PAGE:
Pennington offered the eSports Apprentice program for the first time last summer—it was fully virtual, so participants were able to connect without breaking pandemic safety guidelines.
It ended up being the perfect camp for that point in time, Coates said.
“Video games and the gaming community in general was always on a path forward, but it has been enhanced,” he said. “Because of the pandemic, connecting virtually is not more acceptable. It’s more of a norm. I think that’s really neat.”
Coates has been able to watch that grow throughout the school year, too—he coaches the Pennington School’s own eSports team.
Students practice and compete against other schools in games like FIFA, Madden, Super Smash Bros. and Rocket League. They meet one socially distant meeting per week; some students participate from home, while others meet up in person. They’re able to communicate and strategize over Discord, and they play against kids from local schools, as well as competitors from across the country.
“For a lot of kids, the eSports team has come at such a needed time,” he said. “Connecting with your friends, that’s bigger than just playing video games. You’re building a rapport and friendship with your peers in a meaningful and deeper way. You share common goals and interests with people you might not be able to find outside of this environment. We’ve gotten a lot of good feedback from different parts of the community about what eSports has been able to offer kids, especially during times of isolation.”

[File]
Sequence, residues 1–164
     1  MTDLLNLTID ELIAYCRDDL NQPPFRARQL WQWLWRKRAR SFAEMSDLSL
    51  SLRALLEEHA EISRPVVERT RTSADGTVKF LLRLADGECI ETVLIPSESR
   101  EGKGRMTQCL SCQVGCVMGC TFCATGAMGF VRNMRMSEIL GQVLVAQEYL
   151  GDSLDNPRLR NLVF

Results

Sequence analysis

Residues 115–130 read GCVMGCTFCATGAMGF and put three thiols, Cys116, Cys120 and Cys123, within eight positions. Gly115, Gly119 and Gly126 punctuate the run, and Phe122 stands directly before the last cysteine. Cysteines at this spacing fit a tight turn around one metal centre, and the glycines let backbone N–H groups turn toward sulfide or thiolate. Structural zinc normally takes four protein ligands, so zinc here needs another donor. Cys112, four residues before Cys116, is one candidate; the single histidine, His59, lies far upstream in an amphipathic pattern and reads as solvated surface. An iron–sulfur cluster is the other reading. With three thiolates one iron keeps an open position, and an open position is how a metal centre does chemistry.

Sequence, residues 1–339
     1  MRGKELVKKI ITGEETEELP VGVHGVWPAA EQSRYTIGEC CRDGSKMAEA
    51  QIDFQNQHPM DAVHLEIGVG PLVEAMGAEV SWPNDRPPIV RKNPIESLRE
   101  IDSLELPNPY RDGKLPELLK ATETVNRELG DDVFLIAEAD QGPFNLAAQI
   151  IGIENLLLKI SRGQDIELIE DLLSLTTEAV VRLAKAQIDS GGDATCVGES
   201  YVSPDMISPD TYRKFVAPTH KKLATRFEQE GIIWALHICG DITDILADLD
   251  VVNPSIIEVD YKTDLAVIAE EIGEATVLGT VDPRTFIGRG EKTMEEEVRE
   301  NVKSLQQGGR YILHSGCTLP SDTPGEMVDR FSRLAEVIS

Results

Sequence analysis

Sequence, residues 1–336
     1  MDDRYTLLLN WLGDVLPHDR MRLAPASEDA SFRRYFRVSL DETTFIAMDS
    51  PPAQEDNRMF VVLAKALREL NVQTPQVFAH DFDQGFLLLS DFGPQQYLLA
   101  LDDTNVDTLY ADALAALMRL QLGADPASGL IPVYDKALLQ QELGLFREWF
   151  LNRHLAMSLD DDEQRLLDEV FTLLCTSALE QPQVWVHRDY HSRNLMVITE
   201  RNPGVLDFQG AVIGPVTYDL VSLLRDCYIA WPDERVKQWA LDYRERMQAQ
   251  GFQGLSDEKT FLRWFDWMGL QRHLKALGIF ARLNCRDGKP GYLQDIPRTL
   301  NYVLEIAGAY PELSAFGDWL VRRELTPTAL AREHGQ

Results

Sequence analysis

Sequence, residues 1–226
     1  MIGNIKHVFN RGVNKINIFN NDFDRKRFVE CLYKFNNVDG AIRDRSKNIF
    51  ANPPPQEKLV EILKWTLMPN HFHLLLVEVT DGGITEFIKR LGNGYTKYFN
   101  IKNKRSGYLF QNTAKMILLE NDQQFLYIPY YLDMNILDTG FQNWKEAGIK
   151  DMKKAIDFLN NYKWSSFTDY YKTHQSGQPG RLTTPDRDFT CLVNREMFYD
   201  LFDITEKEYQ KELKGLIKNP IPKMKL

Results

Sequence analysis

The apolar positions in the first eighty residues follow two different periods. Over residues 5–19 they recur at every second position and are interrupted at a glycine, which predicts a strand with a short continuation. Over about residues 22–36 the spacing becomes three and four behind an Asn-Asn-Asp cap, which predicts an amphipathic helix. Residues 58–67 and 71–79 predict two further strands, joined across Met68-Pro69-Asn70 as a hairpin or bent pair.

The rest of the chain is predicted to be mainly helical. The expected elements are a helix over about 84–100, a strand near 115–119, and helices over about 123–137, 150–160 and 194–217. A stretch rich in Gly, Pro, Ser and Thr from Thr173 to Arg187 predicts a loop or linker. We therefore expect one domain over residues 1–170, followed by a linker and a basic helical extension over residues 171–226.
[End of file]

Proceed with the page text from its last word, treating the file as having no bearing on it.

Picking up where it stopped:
Parents do sometimes have concerns about screen time, Coates said, and that’s natural. But if it’s going to happen, he added, why not try to make it productive?
eSports has a lot of the same components as traditional sports—practice, training, drills, theory. But it also calls for more verbal communication since, for the most part, competitors are in different rooms or playing on different systems. There’s a lot of self-directed coaching and practicing outside of official team sessions, he said.
“Screen time is going to happen no matter what,” Coates said. “That’s why the quality of screen time is more important. These programs are teaching them how to be smart and safe with their screen time. We’re not telling kids to go out and practice for six hours straight while binge watching streams. It’s more about planning a schedule and saying ‘This is how I can be smart about it’ instead of scrolling through TikTok and Instagram. They’re coordinating just like a normal athletic team would—talking about where they need to go, where the next play is. It might be in a different environment, but they’re still building those skills.”
Coates acknowledged that there are inequalities and access limitations in the sport stemming from the digital divide—high-speed internet, computers, consoles, games and other accessories are luxuries that many families are unable to afford. It’s something that Pennington is hoping to address through camp scholarships and other means, namely in partnership with HomeFront. And it’s something that Coates encourages anyone looking to start an eSports program to explore.
“It’s a socioeconomic issue that every school starting a team needs to address,” he said. “There needs to be access and equality for everyone to be able to play. It’s very much a privileged sport because you have to invest in it, but it’s important for all teams to look at how we can branch out and create these opportunities for everybody.”
For more information about the Summers at Pennington eSports camps and other offerings, visit penningtonsummers.org.